it can be a one-time fee for every new client gained (let us say, $20 for a new customer), or a range of some kind, for instance: $5 for a client that’s processing less than $1,000 a month, $10 for $1,000-5,000 a month, $20 for $5,000-$10,000 a month, $40 for 10,000-100,000 a month, $100 for a customer processing more than $100,000.

These all are, of course, exemplary data, so they are not accurate; they were plucked out of the air for the purposes of this article.

For the second scenario,

let’s assume that the paid rate is 0.5 percent of the monthly volume of each client or, again, range from 0.1 percent for the less processing clients, and grow depending on the processing volume, for instance 0.5 percent for those who process more, and 1 percent for those who process the most funds.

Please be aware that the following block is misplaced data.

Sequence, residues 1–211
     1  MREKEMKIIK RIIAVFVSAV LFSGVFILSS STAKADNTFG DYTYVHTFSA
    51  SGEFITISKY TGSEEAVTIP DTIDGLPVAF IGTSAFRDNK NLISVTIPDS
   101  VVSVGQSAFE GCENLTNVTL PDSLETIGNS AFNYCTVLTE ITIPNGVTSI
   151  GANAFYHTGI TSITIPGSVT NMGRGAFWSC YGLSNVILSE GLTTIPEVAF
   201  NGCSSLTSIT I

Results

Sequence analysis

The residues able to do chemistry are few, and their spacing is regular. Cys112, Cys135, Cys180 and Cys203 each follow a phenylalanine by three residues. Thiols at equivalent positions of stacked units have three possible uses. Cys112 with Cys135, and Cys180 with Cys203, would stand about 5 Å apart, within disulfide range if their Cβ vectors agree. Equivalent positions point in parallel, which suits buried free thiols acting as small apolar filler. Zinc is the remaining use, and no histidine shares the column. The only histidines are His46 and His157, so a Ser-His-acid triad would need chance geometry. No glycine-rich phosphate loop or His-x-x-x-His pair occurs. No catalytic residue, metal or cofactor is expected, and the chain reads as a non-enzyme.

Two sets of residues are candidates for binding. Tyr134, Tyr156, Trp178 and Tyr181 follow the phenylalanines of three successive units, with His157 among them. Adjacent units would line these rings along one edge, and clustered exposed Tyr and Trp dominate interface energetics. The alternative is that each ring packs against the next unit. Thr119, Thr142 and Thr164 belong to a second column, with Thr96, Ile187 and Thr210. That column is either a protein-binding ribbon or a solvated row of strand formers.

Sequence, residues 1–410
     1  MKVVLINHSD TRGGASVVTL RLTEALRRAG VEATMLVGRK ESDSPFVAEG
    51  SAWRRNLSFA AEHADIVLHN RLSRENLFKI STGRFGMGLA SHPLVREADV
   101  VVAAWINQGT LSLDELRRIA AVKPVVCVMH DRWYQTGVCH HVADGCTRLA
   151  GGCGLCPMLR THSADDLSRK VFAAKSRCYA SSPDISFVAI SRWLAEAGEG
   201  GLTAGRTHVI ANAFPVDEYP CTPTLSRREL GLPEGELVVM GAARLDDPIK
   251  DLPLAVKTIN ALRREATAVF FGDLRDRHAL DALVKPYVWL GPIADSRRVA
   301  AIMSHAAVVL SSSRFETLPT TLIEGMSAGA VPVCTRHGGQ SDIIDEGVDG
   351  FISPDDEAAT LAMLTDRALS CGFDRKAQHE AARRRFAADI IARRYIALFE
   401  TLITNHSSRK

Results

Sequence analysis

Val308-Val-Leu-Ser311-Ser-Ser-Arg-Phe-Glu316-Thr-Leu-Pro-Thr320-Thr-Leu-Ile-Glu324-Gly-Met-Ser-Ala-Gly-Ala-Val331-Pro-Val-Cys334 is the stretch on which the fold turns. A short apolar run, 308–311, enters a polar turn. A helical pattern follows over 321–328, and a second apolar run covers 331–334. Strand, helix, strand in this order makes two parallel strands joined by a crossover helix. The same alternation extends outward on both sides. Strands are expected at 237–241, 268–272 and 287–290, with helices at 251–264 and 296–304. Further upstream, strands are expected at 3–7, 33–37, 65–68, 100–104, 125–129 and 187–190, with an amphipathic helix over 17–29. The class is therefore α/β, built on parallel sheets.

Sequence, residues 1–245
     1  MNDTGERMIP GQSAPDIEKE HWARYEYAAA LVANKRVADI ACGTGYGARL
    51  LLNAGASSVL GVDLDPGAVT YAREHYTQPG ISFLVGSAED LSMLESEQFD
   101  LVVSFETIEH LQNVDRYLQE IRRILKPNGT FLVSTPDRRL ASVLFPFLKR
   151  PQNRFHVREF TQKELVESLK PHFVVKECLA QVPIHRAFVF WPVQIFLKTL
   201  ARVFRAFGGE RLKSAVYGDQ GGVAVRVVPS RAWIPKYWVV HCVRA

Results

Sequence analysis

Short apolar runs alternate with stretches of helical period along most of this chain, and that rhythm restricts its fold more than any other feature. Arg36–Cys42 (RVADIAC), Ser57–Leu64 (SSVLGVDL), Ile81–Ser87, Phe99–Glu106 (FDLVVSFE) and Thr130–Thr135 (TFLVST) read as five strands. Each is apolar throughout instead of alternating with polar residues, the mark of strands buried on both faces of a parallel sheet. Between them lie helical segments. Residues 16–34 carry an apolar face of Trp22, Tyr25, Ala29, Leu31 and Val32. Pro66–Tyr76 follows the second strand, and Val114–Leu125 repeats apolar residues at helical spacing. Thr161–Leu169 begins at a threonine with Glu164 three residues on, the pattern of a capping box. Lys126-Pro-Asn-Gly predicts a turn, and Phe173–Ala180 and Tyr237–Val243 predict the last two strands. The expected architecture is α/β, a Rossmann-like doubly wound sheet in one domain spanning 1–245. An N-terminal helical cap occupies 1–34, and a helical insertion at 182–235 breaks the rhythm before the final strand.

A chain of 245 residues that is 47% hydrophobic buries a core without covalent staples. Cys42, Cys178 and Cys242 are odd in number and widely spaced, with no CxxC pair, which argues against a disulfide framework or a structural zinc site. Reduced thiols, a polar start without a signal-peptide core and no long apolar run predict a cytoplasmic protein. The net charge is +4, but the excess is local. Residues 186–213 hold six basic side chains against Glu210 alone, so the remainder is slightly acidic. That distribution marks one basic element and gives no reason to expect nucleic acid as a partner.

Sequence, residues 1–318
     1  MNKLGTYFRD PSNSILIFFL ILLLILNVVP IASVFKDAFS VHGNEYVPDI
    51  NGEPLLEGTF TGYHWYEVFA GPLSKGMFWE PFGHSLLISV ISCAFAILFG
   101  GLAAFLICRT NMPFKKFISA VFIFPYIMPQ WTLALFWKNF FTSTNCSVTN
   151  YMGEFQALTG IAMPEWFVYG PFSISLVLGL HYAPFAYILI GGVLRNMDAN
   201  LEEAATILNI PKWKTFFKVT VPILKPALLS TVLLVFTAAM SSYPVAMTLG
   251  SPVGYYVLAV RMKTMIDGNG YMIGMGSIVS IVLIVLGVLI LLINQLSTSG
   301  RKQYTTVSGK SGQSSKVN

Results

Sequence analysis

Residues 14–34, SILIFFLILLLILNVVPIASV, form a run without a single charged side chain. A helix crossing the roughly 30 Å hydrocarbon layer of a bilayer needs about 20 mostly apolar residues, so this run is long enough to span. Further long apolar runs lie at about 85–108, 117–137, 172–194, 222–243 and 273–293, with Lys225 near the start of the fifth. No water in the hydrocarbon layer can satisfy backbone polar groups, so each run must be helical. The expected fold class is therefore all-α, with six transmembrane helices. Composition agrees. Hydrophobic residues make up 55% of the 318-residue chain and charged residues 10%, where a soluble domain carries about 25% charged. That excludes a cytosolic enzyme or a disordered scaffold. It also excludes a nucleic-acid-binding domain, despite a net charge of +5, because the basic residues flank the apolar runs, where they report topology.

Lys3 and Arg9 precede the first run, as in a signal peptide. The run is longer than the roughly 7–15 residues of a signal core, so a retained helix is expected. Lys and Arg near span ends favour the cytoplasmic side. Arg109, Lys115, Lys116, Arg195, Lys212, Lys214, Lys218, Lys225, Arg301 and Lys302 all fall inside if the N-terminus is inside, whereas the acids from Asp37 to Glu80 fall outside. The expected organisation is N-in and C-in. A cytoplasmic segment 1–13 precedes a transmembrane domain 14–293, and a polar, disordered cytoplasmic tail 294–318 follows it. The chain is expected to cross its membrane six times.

It can also be based on the types of transactions, on the country in which the merchant or the buyers are situated, and so on.

Finally, the money an affiliate is going to get may also be a percentage of the PSP’s revenue earned thanks to a recommended client. For instance: 20 percent (again, remember that those are purely fictional data.)

All of this is, again, based on a particular case and there are no general answers.

Some Things Just Don’t Happen

We are getting asked quite often if someone might choose the second scenario (percentage from a monthly processed funds) and gain 20 or 30 percent from the volume processed by the recommended client.


How exactly, supposing that the PSP gains around 2.8 percent for every transaction, would we be able to give to our partner 20 percent or more? (And, what’s important, the exemplary 2.8 percent is made of various fees: the acquirer‘s money, the credit card institution’s fee, the processor’s chunk of the collected sum, and so on.)